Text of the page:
A salute to veterans, soldiers

A salute to veterans, soldiers

At the annual veterans' dinner

CORNWALL, Ontario – On the eve of Remembrance Day, veterans and soldiers united for an annual dinner with a high-ranking general.

Hundreds gathered at the Royal Canadian Legion Branch 297 for an event that pays homage to the men and women who fought for Canada’s freedom.

Veterans and soldiers from World War 2, the Korean War and Afghanistan shared a meal and a moment of silence for those who gave the “ultimate sacrifice.”

“I hope there is never another war,” said WW2 veteran Rocky Lalonde. “It was all worth it knowing that people won’t have to go through the same thing.”

Lalonde, and fellow veteran Rudy Roy, joined the navy together and fought during the D-Day invasion of Normandy. They share a brother-like bond, and were among five young Cornwall natives who served on the battleship HMCS St. Laurent.

“It was very demanding. No sea is as rough as the North Atlantic,” said Roy. “It’s a strange thing when you’re young and you don’t understand what you’re going into.”

Lalonde said he was at the dinner to represent his three brothers, one of which was shot down in England. Roy stressed that his brothers joined the army and he wanted to take his own direction fighting for freedom.

“We feel very proud when we see people wearing the poppy and taking part in Remembrance Day ceremonies,” said Lalonde.

Linda Fisher, Royal Canadian Legion Branch 297 vice-president, said the event is a yearly thank you to nearly 100 veterans.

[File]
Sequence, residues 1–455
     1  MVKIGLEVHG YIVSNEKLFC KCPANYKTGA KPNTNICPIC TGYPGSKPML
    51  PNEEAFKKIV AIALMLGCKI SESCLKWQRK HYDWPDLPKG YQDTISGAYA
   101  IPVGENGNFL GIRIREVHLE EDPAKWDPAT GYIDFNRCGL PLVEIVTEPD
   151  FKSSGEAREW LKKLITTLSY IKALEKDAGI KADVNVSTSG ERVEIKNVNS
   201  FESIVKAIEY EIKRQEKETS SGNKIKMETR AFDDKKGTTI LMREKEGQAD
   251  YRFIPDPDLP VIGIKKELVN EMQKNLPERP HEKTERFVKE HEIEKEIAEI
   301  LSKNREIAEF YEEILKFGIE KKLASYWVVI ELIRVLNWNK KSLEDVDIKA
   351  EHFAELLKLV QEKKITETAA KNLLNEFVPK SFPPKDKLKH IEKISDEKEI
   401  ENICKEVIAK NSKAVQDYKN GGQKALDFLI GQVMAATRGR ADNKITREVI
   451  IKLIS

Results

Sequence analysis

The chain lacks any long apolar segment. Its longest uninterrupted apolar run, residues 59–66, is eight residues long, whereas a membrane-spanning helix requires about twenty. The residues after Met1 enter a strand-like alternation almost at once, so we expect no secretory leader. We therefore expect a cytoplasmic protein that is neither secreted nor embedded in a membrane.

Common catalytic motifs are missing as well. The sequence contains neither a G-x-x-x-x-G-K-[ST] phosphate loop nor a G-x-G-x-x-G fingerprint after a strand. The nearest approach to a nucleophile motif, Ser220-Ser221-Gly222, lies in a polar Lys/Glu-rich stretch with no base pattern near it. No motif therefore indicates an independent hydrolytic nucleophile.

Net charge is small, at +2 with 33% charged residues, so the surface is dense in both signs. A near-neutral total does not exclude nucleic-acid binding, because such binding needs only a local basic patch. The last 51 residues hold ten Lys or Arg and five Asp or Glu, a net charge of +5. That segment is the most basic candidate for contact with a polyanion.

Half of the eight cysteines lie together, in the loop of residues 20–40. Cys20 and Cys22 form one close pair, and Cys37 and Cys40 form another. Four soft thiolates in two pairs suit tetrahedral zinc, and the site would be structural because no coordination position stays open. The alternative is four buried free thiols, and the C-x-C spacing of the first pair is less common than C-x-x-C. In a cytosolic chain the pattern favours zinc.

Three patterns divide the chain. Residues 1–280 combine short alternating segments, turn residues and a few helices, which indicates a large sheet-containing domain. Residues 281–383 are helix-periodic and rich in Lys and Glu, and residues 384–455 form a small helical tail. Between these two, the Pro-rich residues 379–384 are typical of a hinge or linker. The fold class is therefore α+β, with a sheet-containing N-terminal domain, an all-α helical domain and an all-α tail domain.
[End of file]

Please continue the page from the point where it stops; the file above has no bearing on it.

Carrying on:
“Tonight’s about recognizing the sacrifices that our veterans past and present have made,” said Brigadier General Kelly Woiden, keynote speaker.

Woiden served in Afghanistan, and has a long resume in the military spanning over several decades.

The subject of Remembrance Day reminded him of going down tunnels where the Battle of Vimy Ridge happened with a WW2 veteran. He said the veteran became more emotional when he was surrounded by memories of WW1, because of the profound respect he had for those soldiers. Woiden also noted that a major sacrifice comes from the families of soldiers who have lost generations of their loved ones to war.

Corporals Brandon Bourdon, 27, and Thomas Christopher Desrosiers, 29, both served in Afghanistan and were proud to be at the annual veterans’ dinner. Desrosiers also served in Turkey.

“It means a lot to be here. It’s not just for veterans, it’s for anyone who has served. It’s a great thing this happens every year,” said Bourdon.

Desrosiers said his father was the past president of the Legion and served in Germany.

“It’s an honour to be here,” he said.

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